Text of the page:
Highest level encryption

Protected with multi-level authentication

File-level encryption

 

Audit controls

No audit controls required

Some level of monitoring or reviewing might be required

Data stewards are given the responsibility of monitoring and reviewing the system for potential misuse. In case of possible misuse, it may be reported to higher authorities, depending on the severity of the case.

Data stewards have the responsibility of monitoring and reviewing the system for potential misuse or unauthorized access.

A backup plan must be present to quickly act if something has gone wrong.

 

An organization can enter types of data in this matrix according to their industry and assign them levels of privacy.

Best Practices to Create a Data Classification Matrix

Here are the steps to follow while creating a data classification matrix:

  • Discuss with experts: Discuss with in-house data experts or hire an agency that can guide you to the correct framework for your data types.
  • Set a goal: Before you create a classification matrix, you must define a goal. Each data type should be mapped to the correct class so it can be given the correct protection. This reduces the risk faced by sensitive information if a data breach were to happen.
  • Define the scope: It might not be possible to regulate all data in a company. This is especially true for big organizations. By defining the scope of the matrix, you can classify only the data you want to regulate.
  • Assign responsibilities: Assigning ownership to data makes it easier to classify. Not all types of data may have an owner but creating ownership becomes simpler once the scope of the matrix is defined.
  • Assign safety grades: There are generally three to four safety grades according to the risk level of the data. A company can have more safety grades according to their requirements. However, it’s best not to make the data classification matrix too complicated.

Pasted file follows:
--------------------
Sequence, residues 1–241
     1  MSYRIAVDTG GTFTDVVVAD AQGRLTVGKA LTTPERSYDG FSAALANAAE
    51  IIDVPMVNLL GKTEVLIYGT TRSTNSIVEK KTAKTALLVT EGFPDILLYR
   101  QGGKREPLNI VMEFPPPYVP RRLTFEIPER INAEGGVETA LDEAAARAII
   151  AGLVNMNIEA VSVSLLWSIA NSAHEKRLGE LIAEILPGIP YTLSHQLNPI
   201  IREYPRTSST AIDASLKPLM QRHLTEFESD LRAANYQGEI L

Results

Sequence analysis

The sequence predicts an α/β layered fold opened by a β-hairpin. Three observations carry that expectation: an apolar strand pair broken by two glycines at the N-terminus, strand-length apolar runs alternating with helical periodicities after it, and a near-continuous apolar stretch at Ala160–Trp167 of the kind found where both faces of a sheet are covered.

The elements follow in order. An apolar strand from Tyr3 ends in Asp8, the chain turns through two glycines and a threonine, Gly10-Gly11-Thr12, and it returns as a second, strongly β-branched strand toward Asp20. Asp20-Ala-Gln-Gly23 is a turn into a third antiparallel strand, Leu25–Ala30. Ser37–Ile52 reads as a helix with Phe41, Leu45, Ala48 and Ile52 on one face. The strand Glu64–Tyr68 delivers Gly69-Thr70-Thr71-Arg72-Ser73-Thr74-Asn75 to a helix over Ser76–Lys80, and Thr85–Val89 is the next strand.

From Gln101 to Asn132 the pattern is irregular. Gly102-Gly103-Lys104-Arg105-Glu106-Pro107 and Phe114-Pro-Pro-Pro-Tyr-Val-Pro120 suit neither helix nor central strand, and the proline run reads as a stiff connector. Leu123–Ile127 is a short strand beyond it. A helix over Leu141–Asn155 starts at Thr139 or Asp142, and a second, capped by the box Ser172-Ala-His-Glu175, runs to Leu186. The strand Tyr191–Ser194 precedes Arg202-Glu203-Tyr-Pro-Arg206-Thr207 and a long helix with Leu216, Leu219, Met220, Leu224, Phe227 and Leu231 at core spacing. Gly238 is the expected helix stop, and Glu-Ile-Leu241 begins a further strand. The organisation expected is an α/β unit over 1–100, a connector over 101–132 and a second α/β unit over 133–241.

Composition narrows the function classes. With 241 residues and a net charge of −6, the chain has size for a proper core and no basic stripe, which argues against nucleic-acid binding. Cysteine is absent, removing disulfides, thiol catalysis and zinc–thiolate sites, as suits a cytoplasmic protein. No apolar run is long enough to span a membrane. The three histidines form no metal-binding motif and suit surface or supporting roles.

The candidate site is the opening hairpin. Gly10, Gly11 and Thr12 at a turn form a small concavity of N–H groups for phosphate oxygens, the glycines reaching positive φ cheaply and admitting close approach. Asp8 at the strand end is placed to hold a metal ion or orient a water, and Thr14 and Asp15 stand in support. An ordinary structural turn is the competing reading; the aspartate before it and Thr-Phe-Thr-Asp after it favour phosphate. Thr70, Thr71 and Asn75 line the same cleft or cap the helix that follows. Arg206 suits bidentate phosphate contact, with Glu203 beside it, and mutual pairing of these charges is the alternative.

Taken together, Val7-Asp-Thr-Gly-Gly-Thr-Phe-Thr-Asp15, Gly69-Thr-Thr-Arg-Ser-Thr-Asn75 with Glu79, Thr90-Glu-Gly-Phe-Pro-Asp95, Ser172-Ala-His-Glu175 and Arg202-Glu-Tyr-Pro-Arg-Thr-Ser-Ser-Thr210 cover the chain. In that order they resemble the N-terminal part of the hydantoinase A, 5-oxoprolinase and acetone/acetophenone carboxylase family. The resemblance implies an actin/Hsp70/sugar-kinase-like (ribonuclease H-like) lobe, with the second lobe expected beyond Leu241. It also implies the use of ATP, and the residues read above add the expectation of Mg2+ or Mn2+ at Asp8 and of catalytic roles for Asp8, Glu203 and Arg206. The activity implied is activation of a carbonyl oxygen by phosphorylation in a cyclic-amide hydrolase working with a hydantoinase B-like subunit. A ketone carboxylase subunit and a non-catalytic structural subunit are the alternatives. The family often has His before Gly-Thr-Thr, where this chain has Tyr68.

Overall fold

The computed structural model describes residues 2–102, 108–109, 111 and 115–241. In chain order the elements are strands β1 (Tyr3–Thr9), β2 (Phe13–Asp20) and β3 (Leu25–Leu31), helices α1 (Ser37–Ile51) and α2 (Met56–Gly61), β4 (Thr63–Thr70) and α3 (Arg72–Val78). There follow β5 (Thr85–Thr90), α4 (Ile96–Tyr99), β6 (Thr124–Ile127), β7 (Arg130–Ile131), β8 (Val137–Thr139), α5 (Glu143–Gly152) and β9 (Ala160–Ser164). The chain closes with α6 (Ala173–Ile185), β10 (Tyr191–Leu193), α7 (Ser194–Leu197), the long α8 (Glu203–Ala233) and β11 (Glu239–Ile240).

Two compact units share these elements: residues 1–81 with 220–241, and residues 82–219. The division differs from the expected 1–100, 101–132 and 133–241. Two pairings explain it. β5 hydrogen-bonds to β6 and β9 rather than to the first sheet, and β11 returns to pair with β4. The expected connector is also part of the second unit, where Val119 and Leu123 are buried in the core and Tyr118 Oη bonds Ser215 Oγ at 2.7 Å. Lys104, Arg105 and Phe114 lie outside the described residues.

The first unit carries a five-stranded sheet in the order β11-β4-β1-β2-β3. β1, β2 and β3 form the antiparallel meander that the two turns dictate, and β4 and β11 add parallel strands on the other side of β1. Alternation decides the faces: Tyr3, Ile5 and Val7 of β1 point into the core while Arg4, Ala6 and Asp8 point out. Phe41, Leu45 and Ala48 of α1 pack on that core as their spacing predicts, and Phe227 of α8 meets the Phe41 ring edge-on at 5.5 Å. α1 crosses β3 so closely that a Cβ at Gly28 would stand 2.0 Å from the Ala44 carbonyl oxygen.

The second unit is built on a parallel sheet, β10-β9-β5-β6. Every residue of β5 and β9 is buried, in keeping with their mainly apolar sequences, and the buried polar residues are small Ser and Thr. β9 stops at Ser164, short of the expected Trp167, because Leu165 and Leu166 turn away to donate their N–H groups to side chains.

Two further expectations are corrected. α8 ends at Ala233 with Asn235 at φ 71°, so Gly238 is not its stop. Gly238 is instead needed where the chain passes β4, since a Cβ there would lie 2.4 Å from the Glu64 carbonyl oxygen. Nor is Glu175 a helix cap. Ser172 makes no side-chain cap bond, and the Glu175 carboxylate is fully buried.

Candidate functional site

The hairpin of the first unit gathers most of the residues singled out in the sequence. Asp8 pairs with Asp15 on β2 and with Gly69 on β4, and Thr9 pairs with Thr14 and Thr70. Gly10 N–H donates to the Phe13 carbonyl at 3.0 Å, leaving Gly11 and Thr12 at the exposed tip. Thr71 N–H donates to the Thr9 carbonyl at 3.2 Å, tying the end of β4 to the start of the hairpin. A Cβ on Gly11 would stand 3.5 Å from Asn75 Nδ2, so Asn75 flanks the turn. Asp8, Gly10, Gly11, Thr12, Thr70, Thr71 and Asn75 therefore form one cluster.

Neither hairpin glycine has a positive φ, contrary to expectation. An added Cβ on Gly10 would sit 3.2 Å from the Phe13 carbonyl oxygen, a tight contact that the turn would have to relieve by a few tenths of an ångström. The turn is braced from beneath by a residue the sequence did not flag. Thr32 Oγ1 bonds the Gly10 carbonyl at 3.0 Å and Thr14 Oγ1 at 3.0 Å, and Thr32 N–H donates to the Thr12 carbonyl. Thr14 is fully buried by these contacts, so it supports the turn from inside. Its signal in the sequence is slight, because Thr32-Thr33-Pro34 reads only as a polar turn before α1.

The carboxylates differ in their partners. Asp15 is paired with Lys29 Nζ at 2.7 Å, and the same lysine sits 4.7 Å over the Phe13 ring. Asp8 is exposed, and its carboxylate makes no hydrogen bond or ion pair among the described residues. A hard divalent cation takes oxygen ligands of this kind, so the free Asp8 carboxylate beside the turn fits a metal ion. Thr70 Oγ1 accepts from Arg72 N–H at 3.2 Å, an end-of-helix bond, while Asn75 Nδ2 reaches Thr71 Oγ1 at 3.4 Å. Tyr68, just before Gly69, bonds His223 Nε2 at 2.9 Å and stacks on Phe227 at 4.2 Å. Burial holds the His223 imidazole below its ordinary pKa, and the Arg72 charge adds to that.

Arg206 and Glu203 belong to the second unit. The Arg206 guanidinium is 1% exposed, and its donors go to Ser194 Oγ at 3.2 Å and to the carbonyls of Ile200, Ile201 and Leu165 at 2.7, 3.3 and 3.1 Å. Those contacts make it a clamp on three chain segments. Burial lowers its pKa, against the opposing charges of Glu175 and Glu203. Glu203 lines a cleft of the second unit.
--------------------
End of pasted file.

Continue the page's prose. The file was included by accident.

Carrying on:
• Assign safety measures: According to the safety grades, the data in the organization will be protected by safety measures.
  • Maintenance of the matrix: Since data changes throughout its lifetime, its risk level also changes. Accordingly, its safety grades and measures should be changed. This can be done if the matrix is regularly reviewed and updated.

Conclusion

A data classification matrix can help you keep track of the security required for the different types of data at your company. This can include:

  • Who should have access to that data
  • Where that data should be stored
  • Who has responsibility for maintaining that data, and
  • The audit requirements for that data

Taking the time to create a data classification matrix can help to prevent a much larger security concern further down the road. To learn more about data classification, download our Definitive Guide to Data Classification.

 

Tags:  Data Classification

Chris Brook

Chris Brook

Chris Brook is the editor of Digital Guardian’s Data Insider blog. He is a cybersecurity writer with nearly 15 years of experience reporting and writing about information security, attending infosec conferences like Black Hat and RSA, and interviewing hackers and security researchers. Prior to joining Digital Guardian–acquired by Fortra in 2021–he helped launch Threatpost, an independent news site that was a leading source of information about IT and business security for hundreds of thousands of professionals worldwide.